The week in review: ‘Our ad ran once because Singapore is small’ | Crocs eats APAC marketing | Buzzfeed launches in India | Twitter’s video offering for brands | What makes a creative team work? | Make cupcakes not war

Mumbrella Asia logoIn a week in which plastic clogs brand Crocs restructured its APAC marketing operation, Buzzfeed launched in India, Twitter launched a video offering for brands, Strawberry frog lost the founding MD of its Singapore office and a bunch of expats press released their campaign to woo Singaporeans with cupcakes.

Story of the week

Fashionistas could have predicted the decline of the Crocs brand, but perhaps not in Asia where much of the company’s growth potential still lies. But news that Buzzfeed is launching in India as of this evening is a bigger story, and will not have escaped the notice of the country’s powerful newspaper publishers, which still enjoy huge sway in the media market.

Quotes of the week

A comment by ‘Hardworking scammer‘ commented beneath a story on Mumbrella about a Singapore campaign for Guinness that won at Cannes:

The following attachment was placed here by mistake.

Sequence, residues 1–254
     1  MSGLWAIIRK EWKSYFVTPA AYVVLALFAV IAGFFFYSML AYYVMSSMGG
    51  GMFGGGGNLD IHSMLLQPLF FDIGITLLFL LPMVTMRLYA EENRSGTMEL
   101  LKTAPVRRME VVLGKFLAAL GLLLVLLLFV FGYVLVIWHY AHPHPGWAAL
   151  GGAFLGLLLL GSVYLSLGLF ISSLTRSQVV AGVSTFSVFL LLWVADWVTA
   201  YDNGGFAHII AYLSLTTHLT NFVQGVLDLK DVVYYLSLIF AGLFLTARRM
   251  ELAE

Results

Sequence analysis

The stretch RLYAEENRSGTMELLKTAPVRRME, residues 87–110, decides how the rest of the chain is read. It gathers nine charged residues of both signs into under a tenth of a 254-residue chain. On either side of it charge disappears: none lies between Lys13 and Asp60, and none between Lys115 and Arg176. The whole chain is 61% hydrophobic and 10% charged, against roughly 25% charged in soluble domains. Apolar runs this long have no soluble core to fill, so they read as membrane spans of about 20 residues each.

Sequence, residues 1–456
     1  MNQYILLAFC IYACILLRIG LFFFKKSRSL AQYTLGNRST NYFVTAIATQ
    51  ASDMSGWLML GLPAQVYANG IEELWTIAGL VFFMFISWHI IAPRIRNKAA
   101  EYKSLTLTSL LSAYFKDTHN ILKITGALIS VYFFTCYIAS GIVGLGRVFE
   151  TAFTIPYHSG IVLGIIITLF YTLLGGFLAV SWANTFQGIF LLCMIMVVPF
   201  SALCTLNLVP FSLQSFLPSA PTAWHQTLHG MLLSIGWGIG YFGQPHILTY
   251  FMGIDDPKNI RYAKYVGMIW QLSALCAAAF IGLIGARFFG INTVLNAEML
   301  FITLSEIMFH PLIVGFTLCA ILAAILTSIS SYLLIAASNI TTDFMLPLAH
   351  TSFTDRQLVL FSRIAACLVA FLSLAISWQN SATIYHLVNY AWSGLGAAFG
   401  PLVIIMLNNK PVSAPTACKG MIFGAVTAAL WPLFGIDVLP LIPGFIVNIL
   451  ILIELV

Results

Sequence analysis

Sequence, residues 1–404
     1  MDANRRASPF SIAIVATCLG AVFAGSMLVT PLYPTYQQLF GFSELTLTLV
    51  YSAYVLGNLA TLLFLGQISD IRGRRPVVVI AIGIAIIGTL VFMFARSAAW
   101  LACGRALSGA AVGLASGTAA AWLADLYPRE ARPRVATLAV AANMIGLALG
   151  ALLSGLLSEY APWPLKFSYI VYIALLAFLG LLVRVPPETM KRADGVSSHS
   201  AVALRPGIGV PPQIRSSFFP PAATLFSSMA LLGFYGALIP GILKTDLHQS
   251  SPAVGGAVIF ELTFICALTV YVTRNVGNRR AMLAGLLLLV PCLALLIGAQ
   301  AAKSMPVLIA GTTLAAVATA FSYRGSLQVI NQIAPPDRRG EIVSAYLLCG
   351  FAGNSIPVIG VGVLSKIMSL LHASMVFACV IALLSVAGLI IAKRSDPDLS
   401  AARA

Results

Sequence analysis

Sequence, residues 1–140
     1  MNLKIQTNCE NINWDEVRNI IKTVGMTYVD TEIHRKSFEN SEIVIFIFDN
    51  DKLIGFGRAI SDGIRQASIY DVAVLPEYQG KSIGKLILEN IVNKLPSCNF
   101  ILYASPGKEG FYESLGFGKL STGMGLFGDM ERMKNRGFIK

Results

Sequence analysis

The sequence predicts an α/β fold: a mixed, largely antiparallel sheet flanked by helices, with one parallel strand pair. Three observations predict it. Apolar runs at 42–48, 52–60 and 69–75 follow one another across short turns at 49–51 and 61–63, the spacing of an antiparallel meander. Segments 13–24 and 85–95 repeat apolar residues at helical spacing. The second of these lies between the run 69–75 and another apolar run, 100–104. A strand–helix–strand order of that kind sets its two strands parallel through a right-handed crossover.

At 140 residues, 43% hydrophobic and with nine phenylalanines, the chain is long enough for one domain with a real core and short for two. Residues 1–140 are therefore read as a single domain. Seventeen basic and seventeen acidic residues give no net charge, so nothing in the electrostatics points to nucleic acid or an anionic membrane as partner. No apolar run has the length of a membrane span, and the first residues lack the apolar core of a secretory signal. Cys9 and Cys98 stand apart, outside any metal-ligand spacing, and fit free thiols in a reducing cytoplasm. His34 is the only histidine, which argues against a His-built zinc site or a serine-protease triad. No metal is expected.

Creatives who don’t scam are usually lazy. Especially in Asia where clients tend to choose the safest, most boring options. Good luck winning with real work in Asia.

It appears that Mumbrella’s hangout with R/GA founder Bob Greenberg has gone global, with Campaign UK running an opinion piece written by Publicis Chemistry’s David Prideaux.

Even work that’s completely fake can be hard to spot. Cannes juries are international, so very often they’re judging work from countries they don’t know, making it harder to recognise invented brands or spot implausible executions. But this is still a dreadful admission.

 Oscars aren’t given to films that were never shown. Mercurys aren’t awarded to albums that were never released. And the Booker is never given to a novel that didn’t get published.

The outside world thinks we’re all charlatans as it is. If they thought we spent our time patting ourselves on the back for something we hadn’t really done, our standing would sink even lower.

Goh Shu FenShufen Goh, the president of the Institute of Advertising, Singapore, who gave the opening address ahead of the APPIES, provided a reality check about the increasing role of technology in marketing:

I haven’t come across a robot that can spit out good ideas… yet.

Manila-based PR man Tony Ahn posted on his Facebook page why he’s now boycotting Buzzfeed: